is there a basic "rule" for mixing in 2 EDM songs, using crossfader + EQ's?
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  1. #1
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    Default is there a basic "rule" for mixing in 2 EDM songs, using crossfader + EQ's?

    hey everyone! i've been getting into DJing over the past couple months, i use a traktor kontrol s2, traktor 2 pro, yamaha hs80m's, etc etc..

    i've got my beatgridding, beatmatching, timing, etc all down pretty good at this point.. my biggest hurdle is getting the right balance in the EQ's when fading 2 dance music songs together..

    currently, i'm basically just mixing by turning the LOW's all the way down on the 1 track and gradually turning it up as i turn the crossfader from left to right..

    i know that this isn't the best way to do it, so i was hoping to see if anybody had any general "rules" (i know music and DJing isn't cut and dry or set in stone) in fading between 2 songs..

    what i'm looking for is basically, as you gradually move your fader from left to right, how should you change the HI's, MID's and LOW's of the 2 tracks to make it sound decent? (for example, at 25% crossfader, your EQ's of the 2 tracks should be XYZ and at 50% (middle), your EQ's should be XYZ, so on and so forth..

    i know that there's no real answer for this, and that music varies greatly, but i was hoping for a general "rule" to improve my technique.. thanks guys, i really appreciate you helping me to develop my skills!

  2. #2
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    I think you should consider using the line faders for mixing especially EDM, and not the crossfader.
    By doing this you have better control over both tracks.
    Reducing the base of the incoming one and blending them slowly with the EQs can be a good start IMHO.
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  3. #3
    DJTT Administrator del Ritmo padi_04's Avatar
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    I haven't used the Xfader for quite some years now, you will get a lot more control over your mix using the line faders. Try to adapt your mixing to the track's phrasing, everything it's downhill that way.

    Regarding specific values: there are none. Different mixers have different EQ response and it really depends on the tracks you are mixing, it's not surgery. Only general rule is make room before adding something else (that's why you cut the bass on the incoming track among other things).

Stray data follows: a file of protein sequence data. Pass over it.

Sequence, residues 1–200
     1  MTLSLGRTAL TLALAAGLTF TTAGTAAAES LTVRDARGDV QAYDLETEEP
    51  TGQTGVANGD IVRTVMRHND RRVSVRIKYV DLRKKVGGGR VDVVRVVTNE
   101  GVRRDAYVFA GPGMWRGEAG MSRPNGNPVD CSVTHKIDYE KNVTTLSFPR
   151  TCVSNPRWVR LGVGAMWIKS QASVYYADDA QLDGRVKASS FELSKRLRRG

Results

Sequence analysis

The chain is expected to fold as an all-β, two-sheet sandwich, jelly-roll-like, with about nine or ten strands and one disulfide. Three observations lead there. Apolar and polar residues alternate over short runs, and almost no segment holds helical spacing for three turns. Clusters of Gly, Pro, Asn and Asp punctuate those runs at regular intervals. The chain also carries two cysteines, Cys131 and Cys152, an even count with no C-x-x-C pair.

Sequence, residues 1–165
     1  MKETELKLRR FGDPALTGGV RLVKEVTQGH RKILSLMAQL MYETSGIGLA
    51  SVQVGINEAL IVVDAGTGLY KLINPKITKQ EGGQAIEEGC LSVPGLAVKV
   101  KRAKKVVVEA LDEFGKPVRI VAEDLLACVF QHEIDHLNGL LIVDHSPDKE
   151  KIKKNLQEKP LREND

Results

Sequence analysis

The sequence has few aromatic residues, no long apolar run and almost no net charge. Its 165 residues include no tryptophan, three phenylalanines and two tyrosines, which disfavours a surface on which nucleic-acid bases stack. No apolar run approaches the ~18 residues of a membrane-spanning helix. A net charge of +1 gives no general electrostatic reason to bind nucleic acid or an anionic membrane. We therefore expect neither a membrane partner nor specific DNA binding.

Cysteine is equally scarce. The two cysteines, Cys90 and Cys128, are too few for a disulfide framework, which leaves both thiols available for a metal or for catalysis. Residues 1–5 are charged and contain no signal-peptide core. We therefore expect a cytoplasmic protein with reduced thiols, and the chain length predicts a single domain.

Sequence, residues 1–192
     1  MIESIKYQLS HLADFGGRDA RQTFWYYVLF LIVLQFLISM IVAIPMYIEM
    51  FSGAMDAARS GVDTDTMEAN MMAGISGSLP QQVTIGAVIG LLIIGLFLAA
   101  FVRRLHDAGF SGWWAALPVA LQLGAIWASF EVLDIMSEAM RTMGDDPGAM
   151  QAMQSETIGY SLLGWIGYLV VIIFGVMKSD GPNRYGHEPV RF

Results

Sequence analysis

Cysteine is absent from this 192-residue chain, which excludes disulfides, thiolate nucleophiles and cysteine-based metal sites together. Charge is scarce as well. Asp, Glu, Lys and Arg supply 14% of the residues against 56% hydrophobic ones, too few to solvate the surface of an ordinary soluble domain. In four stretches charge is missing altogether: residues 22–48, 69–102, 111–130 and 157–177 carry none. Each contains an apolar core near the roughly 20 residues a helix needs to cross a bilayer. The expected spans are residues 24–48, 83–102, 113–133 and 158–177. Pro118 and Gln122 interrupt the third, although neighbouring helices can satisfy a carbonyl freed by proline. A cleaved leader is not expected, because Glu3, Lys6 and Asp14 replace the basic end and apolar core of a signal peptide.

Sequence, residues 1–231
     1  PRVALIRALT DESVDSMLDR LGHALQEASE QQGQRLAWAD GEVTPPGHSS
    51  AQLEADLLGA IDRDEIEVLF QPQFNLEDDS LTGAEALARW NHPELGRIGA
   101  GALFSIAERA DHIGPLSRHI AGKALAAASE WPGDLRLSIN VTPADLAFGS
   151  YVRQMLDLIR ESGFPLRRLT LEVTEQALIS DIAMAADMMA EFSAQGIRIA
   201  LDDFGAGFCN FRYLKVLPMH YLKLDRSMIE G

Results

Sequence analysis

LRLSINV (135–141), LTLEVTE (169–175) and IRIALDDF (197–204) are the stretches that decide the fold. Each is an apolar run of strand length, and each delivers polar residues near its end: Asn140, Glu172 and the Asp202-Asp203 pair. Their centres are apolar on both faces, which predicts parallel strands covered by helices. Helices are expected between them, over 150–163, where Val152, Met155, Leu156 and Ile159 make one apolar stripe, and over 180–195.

Also, check djtutor's channel on youtube, the guy has some nice tutorials explaining the subject.

  4. #4
    Tech Guru JasonBay's Avatar
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    One simple rule, make it it sound good. Once you figure that out you'll be well on your way

  5. #5
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    I also use line faders, there's no hard and fast rules, if you always mix the same way you're going to sound very boring

  6. #6
    Tech Guru narrah's Avatar
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    Quote Originally Posted by ekwipt View Post
    I also use line faders, there's no hard and fast rules, if you always mix the same way you're going to sound very boring
    yes, dont use the cross fader.... line faders all the way.....I havnt seen an edm dj yet use the Crossfader....disengage that thing..

    line faders, more control
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  7. #7

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    Quote Originally Posted by narrah View Post
    yes, dont use the cross fader.... line faders all the way.....I havnt seen an edm dj yet use the Crossfader....disengage that thing..

    line faders, more control
    Line faders for the win.

  8. #8
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    THe rule is.....dont train wreck

  9. #9
    Tech Guru lethal_pizzle's Avatar
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    I don't use the x-fader either much with 'EDM'. I'm a bit of a simpleton, so I'll generally slam the line fader of the new track right up with the Mids and Lows right down, and then swap the frequencies over every 16 or 32 beats with the natural phrases of the matched tracks. This means you can achieve some pleasant stuff, such as swapping the bassline over to the new track whilst still playing the mids from the old track (if they're harmonically matched) without making it too smooth. Works well with nu-disco funk basslines etc
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  10. #10
    Tech Mentor The Mighty FV's Avatar
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    I haven't used the crossfader for mixing for at least 10 years....however, there are no 'rules' with DJing...making your own style is what it's all about and will ultimately result in you having more success going forward than if you copied everyone.
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